Professional Development

White Anti-Racism: Living the Legacy

What does "white anti-racist" mean? How can guilt get in the way? And what's all this talk about being "colorblind"? Learning for Justice, then Teaching Tolerance, asked community activists to share their thoughts on these questions, and others. Their answers shine light on the concepts of comfort, power, privilege and identity.


This Q & A delves into the "finer lines" of white anti-racism and should be used with older students and adults.

The Participants:

  • Diane Flinn, a white woman and managing partner of Diversity Matters.
  • Georgette Norman, an African American woman and director of the Rosa Parks Library and Museum
  • Sejal Patel, a South Asian American woman and community organizer in South Asian immigrant communities
  • Yvette Robles, a Chicana and Community Relations Manager in Los Angeles

What does "white anti-racist" mean to you?

Diane: I associate this terminology with action and behavior more than an identity or subject position. Anti-racist, for me, is more indicative of a process of coming to a healthy and functioning sense of a white racial identity.

One of the functions and privileges of racism is that white people don't, as a whole, carry race as an identity -- you get to be individual, you get to be "yourself," you get to be the norm, you get to be whole and not partial or hyphenated. You do not have to make "adjustments" or "modifications" to know or name yourself.

I also think my discomfort [with the term anti-racist] is fueled by it being based on what I am not. It is the proverbial "I'm not a racist" disclaimer used by whites to separate themselves from the realities of racism and race-based privilege.

What are common mistakes white activists make when trying to be allies to people of color?

Yvette: Not acknowledging that they have power and privilege by the mere fact that they are white. That is not to say that other parts of their identity can't lead them to feel powerless, for example, being white and gay, or being white and working class. Another mistake I see is when white activists try to emulate a different culture by changing how they act, their speech or style of dress. It's one thing to appreciate someone else's culture; it's quite another to adopt it.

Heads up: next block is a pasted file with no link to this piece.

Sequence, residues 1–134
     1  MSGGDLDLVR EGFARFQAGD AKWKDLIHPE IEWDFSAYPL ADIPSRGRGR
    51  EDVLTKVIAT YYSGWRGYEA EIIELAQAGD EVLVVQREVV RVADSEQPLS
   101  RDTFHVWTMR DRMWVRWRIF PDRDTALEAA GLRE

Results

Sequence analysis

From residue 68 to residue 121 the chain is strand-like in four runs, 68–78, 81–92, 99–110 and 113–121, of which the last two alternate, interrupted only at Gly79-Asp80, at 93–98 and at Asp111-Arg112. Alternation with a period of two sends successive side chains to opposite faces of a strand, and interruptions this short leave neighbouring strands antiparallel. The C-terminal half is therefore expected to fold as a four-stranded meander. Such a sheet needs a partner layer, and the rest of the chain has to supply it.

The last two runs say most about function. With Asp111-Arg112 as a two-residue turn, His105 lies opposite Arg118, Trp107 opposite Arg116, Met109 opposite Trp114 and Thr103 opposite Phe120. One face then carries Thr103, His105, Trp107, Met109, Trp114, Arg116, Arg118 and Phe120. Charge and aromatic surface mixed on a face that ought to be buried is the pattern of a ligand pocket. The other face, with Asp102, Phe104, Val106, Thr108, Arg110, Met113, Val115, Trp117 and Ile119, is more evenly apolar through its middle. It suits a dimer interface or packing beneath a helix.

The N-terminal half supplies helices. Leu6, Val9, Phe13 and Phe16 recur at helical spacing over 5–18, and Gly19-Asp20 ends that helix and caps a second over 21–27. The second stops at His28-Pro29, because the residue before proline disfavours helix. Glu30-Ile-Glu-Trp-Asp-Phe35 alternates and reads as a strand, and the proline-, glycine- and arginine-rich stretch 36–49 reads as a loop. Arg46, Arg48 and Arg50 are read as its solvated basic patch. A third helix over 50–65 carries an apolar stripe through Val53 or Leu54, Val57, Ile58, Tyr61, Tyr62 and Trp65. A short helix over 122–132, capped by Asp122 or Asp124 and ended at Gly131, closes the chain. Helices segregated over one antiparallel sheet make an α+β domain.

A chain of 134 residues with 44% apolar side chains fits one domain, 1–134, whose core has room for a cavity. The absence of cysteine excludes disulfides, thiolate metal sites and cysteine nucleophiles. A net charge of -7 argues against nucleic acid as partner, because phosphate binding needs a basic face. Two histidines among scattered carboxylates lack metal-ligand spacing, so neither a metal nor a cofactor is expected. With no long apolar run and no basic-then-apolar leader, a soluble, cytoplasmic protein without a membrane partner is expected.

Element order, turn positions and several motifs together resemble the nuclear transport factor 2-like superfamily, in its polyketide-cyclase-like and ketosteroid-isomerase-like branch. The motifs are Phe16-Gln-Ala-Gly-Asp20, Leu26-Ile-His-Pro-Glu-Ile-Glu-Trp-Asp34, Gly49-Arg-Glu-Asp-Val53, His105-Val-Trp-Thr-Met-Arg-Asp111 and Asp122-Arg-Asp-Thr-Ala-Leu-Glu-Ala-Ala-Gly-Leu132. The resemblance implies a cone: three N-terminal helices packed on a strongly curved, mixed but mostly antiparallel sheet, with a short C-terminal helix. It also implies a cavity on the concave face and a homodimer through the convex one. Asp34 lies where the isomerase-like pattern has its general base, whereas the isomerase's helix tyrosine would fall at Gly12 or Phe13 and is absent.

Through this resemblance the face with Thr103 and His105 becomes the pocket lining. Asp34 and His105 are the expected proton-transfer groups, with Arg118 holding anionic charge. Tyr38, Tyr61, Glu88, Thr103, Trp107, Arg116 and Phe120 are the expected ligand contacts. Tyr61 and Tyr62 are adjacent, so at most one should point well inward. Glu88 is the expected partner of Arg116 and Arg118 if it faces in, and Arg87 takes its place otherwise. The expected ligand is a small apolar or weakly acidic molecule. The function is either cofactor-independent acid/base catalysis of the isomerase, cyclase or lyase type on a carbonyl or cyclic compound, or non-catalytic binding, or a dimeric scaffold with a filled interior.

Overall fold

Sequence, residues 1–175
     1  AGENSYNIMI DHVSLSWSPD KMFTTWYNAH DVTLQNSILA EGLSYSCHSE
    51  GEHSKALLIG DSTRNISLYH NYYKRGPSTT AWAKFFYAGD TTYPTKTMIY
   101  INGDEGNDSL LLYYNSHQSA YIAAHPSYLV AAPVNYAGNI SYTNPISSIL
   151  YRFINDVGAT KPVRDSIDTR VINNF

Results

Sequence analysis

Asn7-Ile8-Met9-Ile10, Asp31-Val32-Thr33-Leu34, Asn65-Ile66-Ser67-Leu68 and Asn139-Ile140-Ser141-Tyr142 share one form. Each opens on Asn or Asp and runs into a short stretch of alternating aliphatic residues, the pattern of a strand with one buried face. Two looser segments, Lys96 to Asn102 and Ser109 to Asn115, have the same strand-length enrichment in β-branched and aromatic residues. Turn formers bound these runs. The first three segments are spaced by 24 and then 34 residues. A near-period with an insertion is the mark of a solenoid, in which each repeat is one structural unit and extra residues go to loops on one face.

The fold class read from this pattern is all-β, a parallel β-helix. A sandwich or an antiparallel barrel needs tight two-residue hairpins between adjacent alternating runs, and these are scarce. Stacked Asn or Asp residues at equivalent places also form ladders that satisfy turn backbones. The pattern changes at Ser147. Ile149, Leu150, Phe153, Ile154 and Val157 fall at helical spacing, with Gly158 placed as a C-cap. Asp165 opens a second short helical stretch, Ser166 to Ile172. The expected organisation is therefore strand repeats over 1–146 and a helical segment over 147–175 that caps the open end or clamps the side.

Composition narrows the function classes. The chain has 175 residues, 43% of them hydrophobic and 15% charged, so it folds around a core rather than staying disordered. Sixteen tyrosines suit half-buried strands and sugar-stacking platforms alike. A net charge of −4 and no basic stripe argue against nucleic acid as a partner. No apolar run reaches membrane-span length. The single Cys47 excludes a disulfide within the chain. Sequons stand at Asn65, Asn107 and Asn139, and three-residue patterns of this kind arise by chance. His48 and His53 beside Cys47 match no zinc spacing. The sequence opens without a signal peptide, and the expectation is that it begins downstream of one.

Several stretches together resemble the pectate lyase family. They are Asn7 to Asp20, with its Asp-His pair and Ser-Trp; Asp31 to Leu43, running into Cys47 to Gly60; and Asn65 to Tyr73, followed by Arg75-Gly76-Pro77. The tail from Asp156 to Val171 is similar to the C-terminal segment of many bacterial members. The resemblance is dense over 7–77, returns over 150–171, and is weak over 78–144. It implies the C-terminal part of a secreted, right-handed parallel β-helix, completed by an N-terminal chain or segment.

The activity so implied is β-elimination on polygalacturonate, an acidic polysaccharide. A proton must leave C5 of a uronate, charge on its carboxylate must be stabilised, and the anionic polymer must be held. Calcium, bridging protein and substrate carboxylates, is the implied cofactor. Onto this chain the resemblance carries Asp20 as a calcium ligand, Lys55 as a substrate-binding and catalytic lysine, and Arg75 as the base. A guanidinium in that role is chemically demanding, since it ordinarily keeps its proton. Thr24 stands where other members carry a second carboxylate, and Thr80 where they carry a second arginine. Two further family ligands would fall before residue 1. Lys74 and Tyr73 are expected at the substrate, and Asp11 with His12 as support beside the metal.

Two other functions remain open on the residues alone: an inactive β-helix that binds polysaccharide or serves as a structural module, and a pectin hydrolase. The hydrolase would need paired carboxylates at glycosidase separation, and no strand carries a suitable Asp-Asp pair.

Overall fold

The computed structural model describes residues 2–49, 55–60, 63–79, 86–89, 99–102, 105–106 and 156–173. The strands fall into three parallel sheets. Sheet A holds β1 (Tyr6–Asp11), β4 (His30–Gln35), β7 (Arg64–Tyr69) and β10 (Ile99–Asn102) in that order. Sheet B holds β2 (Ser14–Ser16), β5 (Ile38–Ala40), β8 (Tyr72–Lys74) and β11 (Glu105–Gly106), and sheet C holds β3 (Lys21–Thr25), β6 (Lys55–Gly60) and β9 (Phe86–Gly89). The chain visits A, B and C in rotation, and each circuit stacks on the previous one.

Georgette: The most common mistakes white activists make are 1) setting an agenda with the illusion of inclusion, and 2) having to have a franchise on comfort. God forbid a person of color says or does anything to make white activists feel uncomfortable. That means there can be no discussion of race and no challenge to their privilege, which means no challenge to their power.

Sejal: White anti-racists make a mistake when they shut out the poor and uneducated and keep in those "in the know" to decide what's good for people of color. No movement can work where there is divisiveness.

Also, if people of color want to have their own space and place in certain aspects of society -- say for a weekend or a month -- they shouldn't have to feel like they are being exclusive for doing this. White activists need to understand that society is their space and place every single day, and they shouldn't feel threatened or left out.

When attempting to be allies to people of color, is there a point when white people "get it" (and what does "getting it" mean)?

Sejal: "Getting it" is the biggest point, I feel. Getting it means many things: the ability for white activists to understand that they have a space and place of privilege. It really is up to white people to give up their privilege and be okay with that. Giving it up will make white people truly sensitive to the issues of racism, classism, sexism and homophobia.

White activists need to understand that they can't completely understand or "get" the experience of a person of color. They should trust that their allies, people of color, are not being too sensitive or complaining. Everyone, especially U.S. citizens, has some sort of privilege in their lives, and, as a person of color, I make sure that people have space to express themselves in a way they feel is right. I need to trust that my white allies will do the same for me when I need it.

Diane: I believe that white allies can "get it" if we define "getting it" as becoming attuned to the subtle effects of racial bias in everyday interactions and environments. We can "get it" if we recognize the systemic presence of racism and how race-based oppression is allowed to continue. If we identify and own racial privilege and, as white people, have our own experiences of exclusion so we can authentically empathize, then we are "getting it." We "get it" when we value equity, human rights and social justice.

How would you describe the stages of becoming a white anti-racist/ally?

Sejal: 1) Realize the meanings behind privilege, racism and whiteness. 2) Look within before you look outward. How do you relate to the definitions? Pinpoint the ways in which you experience privilege as a white person. 3) Look outward, find out the historical, global and social patterns of the effects of racism and other forms of oppression. 4) Act. Realize that you want to do something about this system, and come at it with a sensitivity and understanding that you come from a privileged background whether you like it or not.